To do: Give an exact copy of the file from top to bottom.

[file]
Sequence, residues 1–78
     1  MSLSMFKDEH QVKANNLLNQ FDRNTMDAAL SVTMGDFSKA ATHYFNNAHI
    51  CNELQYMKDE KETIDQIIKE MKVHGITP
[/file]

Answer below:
Sequence, residues 1–78
     1  MSLSMFKDEH QVKANNLLNQ FDRNTMDAAL SVTMGDFSKA ATHYFNNAHI
    51  CNELQYMKDE KETIDQIIKE MKVHGITP